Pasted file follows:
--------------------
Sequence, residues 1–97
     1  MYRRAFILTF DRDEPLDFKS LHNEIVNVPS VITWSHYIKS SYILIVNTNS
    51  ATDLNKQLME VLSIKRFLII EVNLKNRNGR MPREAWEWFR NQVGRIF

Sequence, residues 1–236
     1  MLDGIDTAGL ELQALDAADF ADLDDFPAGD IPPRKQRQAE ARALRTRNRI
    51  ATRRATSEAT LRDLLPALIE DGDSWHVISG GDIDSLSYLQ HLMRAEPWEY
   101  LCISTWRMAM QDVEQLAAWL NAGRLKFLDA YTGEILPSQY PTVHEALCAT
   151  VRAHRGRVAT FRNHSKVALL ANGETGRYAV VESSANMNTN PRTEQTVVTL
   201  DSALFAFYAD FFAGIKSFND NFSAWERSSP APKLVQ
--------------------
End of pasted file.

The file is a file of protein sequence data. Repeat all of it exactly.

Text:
Sequence, residues 1–97
     1  MYRRAFILTF DRDEPLDFKS LHNEIVNVPS VITWSHYIKS SYILIVNTNS
    51  ATDLNKQLME VLSIKRFLII EVNLKNRNGR MPREAWEWFR NQVGRIF

Sequence, residues 1–236
     1  MLDGIDTAGL ELQALDAADF ADLDDFPAGD IPPRKQRQAE ARALRTRNRI
    51  ATRRATSEAT LRDLLPALIE DGDSWHVISG GDIDSLSYLQ HLMRAEPWEY
   101  LCISTWRMAM QDVEQLAAWL NAGRLKFLDA YTGEILPSQY PTVHEALCAT
   151  VRAHRGRVAT FRNHSKVALL ANGETGRYAV VESSANMNTN PRTEQTVVTL
   201  DSALFAFYAD FFAGIKSFND NFSAWERSSP APKLVQ